WITNESS partner LICADHO has been documenting with video forced evictions and land grabbing throughout Cambodia. LICADHO is also a part of WITNESS’ global campaign on forced evictions.
On 3 January more than 300 families were forcibly evicted from their homes in Phnom Penh by the local construction company building on the land and more than 100 state armed forces. LICADHO captured the forced eviction on video – see below – where residents have been arrested, women and children have been detained and several were injured. LICADHO and civil society organizations released public statements denouncing the forced eviction and demanding the release of those arrested and detained.
In 2009, in the same neighborhood, families affected by HIV/AIDS were forced from their homes even after considerable local and international community campaigning. A public letter to the Government of Cambodia demanding the residents’ right to health and adequate housing be respected was signed by WITNESS, Human Rights Watch and AIDS Free World as well as +100 other HIV/AIDS organizations around the world.
NOW TAKE ACTION WITH AMNESTY INTERNATIONAL’S CAMPAIGN TO SUPPORT THE COMMUNITY.
For more video on forced eviction campaigns in Cambodia, check out LICADHO’s video gallery. Also follow the WITNESS blog stream on forced evictions to learn more about the campaigns a part of the global campaign.
Guest post from WITNESS partner LICADHO:
January 12, 2012 – We, the ten undersigned civil society organizations, call for the immediate release of Borei Keila residents detained yesterday and since unlawfully detained at the Prey Speu Social Affairs Center. We also call for the permanent closure of the Prey Speu center, which has been proven time and again to be nothing more than an extra-judicial detention facility.
The detained residents – 24 women and six children – are among several hundred who were forcefully displaced on Jan. 3, 2012, when Phan Imex, a construction company owned by the well-connected Suy Sophan, destroyed their homes in Phnom Penh’s Borei Keila settlement. The brutal eviction was overseen by over 100 armed state forces, and resulted in the arrest and imprisonment of at least eight residents. Approximately one dozen people were injured, some seriously.
Phan Imex had secured the right to develop the Borei Keila site in exchange for building 10 apartment buildings for displaced families. The company only constructed eight buildings, however, and unilaterally reneged on the agreement in April 2010, reportedly because construction costs were too high. Phan Imex was allowed to continue developing the land for commercial purposes, however, despite the contractual breach.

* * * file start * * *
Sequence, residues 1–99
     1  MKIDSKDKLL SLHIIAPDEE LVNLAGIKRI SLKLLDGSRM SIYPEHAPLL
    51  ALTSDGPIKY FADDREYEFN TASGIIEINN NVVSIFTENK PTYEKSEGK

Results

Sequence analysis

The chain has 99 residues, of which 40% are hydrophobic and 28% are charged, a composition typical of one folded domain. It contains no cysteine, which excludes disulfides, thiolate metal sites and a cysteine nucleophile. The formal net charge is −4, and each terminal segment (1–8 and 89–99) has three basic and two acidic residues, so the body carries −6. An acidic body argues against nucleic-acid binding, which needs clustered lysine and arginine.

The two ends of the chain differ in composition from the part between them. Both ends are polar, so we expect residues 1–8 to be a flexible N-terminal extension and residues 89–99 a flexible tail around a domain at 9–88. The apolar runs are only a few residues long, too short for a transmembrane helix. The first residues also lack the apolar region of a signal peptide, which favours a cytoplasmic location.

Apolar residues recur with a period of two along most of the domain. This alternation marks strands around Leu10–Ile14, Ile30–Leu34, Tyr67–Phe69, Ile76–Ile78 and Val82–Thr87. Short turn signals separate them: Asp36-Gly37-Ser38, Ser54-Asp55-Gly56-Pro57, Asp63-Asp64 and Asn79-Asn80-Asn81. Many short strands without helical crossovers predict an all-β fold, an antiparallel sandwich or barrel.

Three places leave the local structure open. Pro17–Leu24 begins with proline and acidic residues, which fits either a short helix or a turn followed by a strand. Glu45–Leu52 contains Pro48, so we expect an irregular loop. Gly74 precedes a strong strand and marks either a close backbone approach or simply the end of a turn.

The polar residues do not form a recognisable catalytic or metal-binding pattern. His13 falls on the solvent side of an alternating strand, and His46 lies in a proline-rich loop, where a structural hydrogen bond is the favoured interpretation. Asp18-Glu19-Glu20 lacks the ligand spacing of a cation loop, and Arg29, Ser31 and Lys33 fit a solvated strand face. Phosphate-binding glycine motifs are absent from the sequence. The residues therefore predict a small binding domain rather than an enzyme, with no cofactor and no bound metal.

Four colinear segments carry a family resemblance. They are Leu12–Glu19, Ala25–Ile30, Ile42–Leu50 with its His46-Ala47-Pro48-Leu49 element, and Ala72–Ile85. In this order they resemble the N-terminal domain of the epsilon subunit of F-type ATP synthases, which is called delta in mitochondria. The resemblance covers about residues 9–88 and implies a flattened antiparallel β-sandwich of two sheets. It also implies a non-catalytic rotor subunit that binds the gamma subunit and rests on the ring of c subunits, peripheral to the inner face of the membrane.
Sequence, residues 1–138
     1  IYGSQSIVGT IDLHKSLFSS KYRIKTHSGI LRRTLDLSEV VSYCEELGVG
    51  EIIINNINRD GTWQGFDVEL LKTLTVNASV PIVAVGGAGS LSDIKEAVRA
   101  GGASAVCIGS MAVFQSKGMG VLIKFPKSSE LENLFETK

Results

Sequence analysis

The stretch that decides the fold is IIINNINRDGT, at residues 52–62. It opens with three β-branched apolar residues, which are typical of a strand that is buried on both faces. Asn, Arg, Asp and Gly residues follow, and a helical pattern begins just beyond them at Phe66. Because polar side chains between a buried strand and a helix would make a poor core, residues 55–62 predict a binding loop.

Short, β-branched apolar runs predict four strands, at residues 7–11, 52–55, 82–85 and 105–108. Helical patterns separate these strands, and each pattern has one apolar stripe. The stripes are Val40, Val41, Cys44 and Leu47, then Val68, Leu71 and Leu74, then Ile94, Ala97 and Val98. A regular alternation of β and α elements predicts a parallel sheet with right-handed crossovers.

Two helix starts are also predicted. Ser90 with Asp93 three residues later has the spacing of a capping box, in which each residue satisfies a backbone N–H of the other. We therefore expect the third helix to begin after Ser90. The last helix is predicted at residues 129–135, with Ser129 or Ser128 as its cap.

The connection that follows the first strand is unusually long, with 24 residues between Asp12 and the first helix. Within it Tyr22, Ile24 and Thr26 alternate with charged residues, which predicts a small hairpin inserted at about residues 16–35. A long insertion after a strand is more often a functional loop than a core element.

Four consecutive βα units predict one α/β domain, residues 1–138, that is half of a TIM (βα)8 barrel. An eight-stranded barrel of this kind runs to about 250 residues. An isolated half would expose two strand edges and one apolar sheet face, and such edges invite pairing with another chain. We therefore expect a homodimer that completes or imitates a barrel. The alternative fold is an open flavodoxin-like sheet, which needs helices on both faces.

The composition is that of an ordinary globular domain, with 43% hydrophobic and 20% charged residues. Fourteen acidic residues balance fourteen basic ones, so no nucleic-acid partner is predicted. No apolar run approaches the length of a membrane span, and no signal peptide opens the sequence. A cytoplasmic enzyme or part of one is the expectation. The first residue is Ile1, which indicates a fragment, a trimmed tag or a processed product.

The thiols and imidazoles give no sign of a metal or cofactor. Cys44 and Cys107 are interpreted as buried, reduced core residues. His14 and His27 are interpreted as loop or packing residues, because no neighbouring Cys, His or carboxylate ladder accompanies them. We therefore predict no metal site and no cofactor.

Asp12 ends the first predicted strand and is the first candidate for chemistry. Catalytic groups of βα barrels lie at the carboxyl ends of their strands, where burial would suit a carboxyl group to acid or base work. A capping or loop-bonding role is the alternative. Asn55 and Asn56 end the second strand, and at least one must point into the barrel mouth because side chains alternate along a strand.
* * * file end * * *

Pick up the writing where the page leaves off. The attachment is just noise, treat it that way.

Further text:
Yesterday’s arrests of women and children took place while they were protesting their eviction and demanding the release of their fellow residents in front of the Phnom Penh Municipality building. The arrests were executed by both police and Daun Penh district security guards. The security guards have no legal power to arrest anyone.
“In fact, it is not even accurate to call these ‘arrests,’ ” said Yeng Virak, CLEC Executive Director. “Arrest implies a lawful warrant, legal due process and criminal charges. The authorities have provided none of these here. Someone simply decided that they wanted to get rid of these people. That’s what Prey Speu is – a place of extrajudicial detention. That’s what it has always been.”
“The authorities already sent a clear message that they have no regard whatsoever for the residents’ property and contract rights,” said Sia Phearum, HRTF Director. “Now it’s clear they have no regard for their civil rights either. They protested too loudly, and they’re paying with their freedom. This action really raises the ante in what was already an outrageous case. It’s gone a step beyond shocking.”
Organizations, such as LICADHO and Human Rights Watch (HRW), have long documented widespread abuses, including illegal confinement, rapes, beatings, deaths and torture, at Prey Speu and other social affairs centers. Conditions are in many cases worse than in Cambodia’s prisons, and the authorities provide no legal due process to detainees.
“The illegal detention of victims of forced evictions within the walls of Prey Speu marks yet another deplorable milestone for this infamous center. For the authorities to illegally detain anyone, especially children, into a center with such a clearly established track record of abuses is deeply troubling,” said LICADHO Director Naly Pilorge. “Centers such as Prey Speu serve no legitimate purpose in a free democratic society. Its closure is long overdue. This latest incident should serve as a wake-up call for all partners to the Social Affairs Ministry to push for a permanent shut down of this center.”
We call for the immediate release of all Borei Keila residents from Prey Speu, as well as the complete and permanent closure of the center at the earliest date possible. We also call for Phan Imex to honor its agreement to build 10 apartment buildings for Borei Keila residents, and for the government to ensure that construction takes place and that forcefully evicted families are given on-site apartments.